As is the case with most small Italian towns, Taormina’s main street will lead you to the town’s main church. In Taormina, that means when you walk along the Corso Umberto, you will eventually arrive in the Piazza del Duomo and at the Duomo itself.
Taormina’s Duomo, dedicated to San Nicolò di Bari, was built in the 13th century and its design is typical of many churches of its era - the exterior more closely resembles a fortified castle than a house of worship. For this reason, it has the nickname of the “fortress cathedral,” or “cattedrale fortezza.”
The Duomo was built over the ruins of a small existing church, and some of the signature Taormina pink marble used in the construction of the columns appears to have been taken from the ruins of the Teatro Greco that sits above the town. The main door was rebuilt in the 1630s in the Renaissance style, and a rose window added in that same wall.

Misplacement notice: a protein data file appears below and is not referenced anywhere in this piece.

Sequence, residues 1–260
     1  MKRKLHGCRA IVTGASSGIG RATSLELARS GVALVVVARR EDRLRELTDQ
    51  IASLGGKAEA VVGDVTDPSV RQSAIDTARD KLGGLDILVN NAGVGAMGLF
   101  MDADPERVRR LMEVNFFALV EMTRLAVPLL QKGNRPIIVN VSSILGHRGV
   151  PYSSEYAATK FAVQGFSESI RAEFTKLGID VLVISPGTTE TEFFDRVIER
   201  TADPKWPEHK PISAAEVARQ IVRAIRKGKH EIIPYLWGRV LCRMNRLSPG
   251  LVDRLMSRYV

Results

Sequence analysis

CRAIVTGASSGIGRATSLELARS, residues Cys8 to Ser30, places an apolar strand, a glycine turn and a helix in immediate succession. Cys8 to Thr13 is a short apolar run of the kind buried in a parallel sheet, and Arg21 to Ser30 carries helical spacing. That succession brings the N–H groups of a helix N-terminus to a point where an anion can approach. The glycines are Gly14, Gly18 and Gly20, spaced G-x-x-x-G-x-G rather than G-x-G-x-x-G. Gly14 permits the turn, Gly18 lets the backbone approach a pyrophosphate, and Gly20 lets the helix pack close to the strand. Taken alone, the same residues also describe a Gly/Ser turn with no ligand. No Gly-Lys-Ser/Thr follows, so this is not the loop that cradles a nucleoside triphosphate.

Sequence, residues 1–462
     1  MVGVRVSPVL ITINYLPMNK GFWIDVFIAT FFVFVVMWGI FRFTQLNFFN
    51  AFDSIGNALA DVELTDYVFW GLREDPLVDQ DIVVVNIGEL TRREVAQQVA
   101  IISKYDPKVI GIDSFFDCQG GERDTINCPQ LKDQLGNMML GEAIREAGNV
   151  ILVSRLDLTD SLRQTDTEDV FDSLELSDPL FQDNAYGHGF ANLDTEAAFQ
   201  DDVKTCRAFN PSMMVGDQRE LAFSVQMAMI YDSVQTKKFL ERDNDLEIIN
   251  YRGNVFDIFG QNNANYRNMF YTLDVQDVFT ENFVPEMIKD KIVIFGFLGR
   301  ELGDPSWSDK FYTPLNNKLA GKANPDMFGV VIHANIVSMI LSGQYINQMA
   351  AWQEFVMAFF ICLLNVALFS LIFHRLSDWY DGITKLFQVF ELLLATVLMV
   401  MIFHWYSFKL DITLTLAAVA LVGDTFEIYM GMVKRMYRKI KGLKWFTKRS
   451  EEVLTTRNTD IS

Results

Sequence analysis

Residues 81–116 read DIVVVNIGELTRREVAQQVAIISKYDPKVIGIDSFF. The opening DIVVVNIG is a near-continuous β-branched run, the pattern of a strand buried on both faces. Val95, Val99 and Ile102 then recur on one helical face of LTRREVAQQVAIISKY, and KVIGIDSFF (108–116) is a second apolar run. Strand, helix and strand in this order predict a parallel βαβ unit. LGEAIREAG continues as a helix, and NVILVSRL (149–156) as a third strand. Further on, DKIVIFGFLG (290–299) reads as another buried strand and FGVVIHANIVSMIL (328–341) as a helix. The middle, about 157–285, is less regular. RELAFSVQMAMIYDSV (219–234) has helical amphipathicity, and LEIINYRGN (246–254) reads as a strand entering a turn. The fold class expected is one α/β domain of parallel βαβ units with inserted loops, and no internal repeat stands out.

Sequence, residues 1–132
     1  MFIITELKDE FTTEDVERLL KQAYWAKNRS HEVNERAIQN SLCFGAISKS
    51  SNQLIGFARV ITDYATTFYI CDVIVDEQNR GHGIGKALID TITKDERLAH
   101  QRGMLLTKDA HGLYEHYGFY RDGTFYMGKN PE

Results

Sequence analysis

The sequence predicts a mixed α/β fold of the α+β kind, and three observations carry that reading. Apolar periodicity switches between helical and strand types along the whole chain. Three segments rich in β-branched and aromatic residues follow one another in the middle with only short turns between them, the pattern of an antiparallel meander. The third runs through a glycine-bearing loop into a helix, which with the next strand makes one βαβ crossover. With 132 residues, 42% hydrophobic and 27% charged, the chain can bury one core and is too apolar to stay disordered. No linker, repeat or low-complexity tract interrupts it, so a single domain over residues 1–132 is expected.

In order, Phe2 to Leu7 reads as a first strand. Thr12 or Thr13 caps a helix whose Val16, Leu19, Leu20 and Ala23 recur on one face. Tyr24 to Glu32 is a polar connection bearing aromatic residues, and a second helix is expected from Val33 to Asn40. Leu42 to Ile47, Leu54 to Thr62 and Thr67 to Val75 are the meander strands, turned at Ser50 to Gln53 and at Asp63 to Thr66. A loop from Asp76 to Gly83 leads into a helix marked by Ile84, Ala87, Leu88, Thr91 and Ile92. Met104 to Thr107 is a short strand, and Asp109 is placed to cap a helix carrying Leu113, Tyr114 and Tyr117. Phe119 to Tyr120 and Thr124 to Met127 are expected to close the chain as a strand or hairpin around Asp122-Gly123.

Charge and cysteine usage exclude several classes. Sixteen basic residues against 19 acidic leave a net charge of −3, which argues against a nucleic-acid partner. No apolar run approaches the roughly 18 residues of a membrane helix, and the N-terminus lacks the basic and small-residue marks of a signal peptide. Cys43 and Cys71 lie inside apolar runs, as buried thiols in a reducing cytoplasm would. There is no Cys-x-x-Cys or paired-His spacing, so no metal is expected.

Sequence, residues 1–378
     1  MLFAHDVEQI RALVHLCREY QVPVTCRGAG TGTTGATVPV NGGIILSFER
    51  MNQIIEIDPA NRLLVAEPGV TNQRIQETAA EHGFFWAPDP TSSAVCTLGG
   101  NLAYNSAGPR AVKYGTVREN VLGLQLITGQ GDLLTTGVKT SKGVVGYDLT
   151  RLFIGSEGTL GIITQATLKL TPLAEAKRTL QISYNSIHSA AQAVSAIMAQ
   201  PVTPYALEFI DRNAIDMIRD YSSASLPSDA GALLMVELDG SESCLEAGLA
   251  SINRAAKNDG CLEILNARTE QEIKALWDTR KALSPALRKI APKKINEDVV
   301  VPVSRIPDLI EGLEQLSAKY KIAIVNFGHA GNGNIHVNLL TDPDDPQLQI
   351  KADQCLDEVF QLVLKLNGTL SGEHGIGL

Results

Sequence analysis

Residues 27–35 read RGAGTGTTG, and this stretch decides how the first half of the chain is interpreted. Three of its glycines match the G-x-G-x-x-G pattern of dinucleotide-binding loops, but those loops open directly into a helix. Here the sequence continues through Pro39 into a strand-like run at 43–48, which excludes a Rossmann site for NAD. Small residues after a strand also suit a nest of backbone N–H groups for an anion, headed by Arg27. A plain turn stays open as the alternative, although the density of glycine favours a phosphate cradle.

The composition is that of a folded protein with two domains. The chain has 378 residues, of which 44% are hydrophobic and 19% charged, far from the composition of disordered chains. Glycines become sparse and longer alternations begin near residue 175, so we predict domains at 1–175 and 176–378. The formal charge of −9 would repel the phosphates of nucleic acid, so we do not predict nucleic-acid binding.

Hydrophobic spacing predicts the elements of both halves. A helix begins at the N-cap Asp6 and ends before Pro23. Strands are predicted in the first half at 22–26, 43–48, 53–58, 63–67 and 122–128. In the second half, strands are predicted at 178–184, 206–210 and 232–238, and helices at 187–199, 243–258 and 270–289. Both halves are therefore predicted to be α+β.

The piazza in front of the Duomo is, unsurprisingly, the Piazza del Duomo. The Baroque fountain at the center of the piazza is capped by a statue of a female centaur, which is Taormina’s symbol. Other buildings facing the piazza include Taormina’s town hall and a former palazzo turned hotel. The Duomo is open to visitors every day from 9am until 8pm.